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James Prideaux

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ENTERTAINMENT
December 3, 1992 | ROBERT EPSTEIN
For James Prideaux, Sunday night signals a symbolic write of passage. The time when great actresses walked the Earth seems to be ending as Katharine Hepburn plays what some have said is her final role in the CBS Sunday night movie "The Man Upstairs," written and co-produced by Prideaux. Here we have another of those generational things, one in which the Hepburn leading ladies of this world dissolve and in their place . . . the emergence of the Madonna Era. Perhaps.
ARTICLES BY DATE
ENTERTAINMENT
August 9, 2003
The poor showing of "Gigli" ("A 'Wedding' Banquet While 'Gigli' Starves," by R. Kinsey Lowe, Aug. 4) points out once again the importance of a title. It was doomed from the start. Although we've been told by the producers that it rhymes with "really," how could it? "Geally?" Come, now! Can you imagine anyone saying, "Hey, let's go see 'Geally!' "? James Prideaux Los Angeles If Johnny Cochran were a film reviewer, he might say this about "Gigli": "If you can't pronounce it, you must denounce it."
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CALIFORNIA | LOCAL
September 22, 1999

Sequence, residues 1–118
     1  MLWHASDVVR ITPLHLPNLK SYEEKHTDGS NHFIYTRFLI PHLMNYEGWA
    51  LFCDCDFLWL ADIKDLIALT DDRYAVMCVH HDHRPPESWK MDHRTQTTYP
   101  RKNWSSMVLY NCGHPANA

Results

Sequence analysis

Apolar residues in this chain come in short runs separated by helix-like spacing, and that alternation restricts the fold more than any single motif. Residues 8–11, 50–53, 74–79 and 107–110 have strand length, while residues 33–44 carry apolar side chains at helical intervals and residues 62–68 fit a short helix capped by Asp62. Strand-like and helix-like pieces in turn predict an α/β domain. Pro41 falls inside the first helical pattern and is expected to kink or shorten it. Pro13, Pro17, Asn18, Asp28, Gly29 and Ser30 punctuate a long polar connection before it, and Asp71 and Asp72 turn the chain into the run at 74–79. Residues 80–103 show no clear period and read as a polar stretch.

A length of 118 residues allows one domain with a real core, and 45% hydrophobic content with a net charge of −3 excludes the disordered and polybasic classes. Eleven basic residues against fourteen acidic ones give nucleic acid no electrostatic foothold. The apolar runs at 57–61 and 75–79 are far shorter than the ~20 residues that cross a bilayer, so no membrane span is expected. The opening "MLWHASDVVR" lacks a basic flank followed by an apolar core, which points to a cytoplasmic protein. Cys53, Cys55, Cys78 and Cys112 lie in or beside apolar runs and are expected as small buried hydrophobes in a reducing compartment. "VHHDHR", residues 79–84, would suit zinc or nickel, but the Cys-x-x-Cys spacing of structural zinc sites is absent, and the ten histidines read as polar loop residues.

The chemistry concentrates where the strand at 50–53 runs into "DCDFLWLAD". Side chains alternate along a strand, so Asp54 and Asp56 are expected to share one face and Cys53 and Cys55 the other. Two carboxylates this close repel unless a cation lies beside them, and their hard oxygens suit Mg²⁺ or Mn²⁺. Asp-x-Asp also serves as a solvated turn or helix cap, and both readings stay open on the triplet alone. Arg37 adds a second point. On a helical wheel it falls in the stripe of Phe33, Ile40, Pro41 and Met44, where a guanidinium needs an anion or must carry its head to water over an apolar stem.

Re "Photos Renew Bond Between Holocaust Survivors, Liberators," Sept. 15: After reading the story of Stanley Tysch being liberated from a Nazi concentration camp by GI Vernon Tott, I found there were tears streaming down my cheeks. In a world peopled by too many devils, it is good to be reminded that there are also angels. JAMES PRIDEAUX Los Angeles
ENTERTAINMENT
June 29, 2002
Sean Mitchell's grudging and unpleasant review of "Oscar and Felix" had nothing to do with what was on the stage ("It's Still Oddly Familiar," June 21). Neil Simon's delicious update, the brilliant cast and the superb direction all combined to give us more laughs than I have ever heard from an audience. JAMES PRIDEAUX Los Angeles
ENTERTAINMENT
June 29, 2002
Sean Mitchell's grudging and unpleasant review of "Oscar and Felix" had nothing to do with what was on the stage ("It's Still Oddly Familiar," June 21). Neil Simon's delicious update, the brilliant cast and the superb direction all combined to give us more laughs than I have ever heard from an audience. JAMES PRIDEAUX Los Angeles
ENTERTAINMENT
December 9, 1990
Mr. Turan says Oscar Wilde wrote "The Importance of Being Ernest." Wilde's masterpiece is "The Importance of Being Earnest." Perhaps Mr. Turan should "stretch" himself in the field of the arts before sitting down to carp about others. JAMES PRIDEAUX Los Angeles
CALIFORNIA | LOCAL
October 30, 1997
Re "Song's Anti-Gay Stance Spurs Protests, Boycotts," Oct. 25: It's fascinating to me that Debbie and Angie Winans should use their Christian religion as a means of spreading hate, especially when so many of us were taught that God is love. JAMES PRIDEAUX Los Angeles God bless Angie and Debbie Winans. They are truly right on! C.W. JENNER Los Alamitos
ENTERTAINMENT
December 6, 1997
Princess Margaret's complaint, as reported by Liz Smith Dec. 3, that the flowers left in memory of Princess Diana "completely ruined the lawns" at Kensington Place and the votive candles "ruined the tree barks," is yet another example of the Germanic Windsors'--formerly the Battenbergs'--coldness. And by declaring that "it was mainly Americans who did all that anyway," she shows once again how removed are the royal family from the hearts of the British people. Back to Berlin, I say!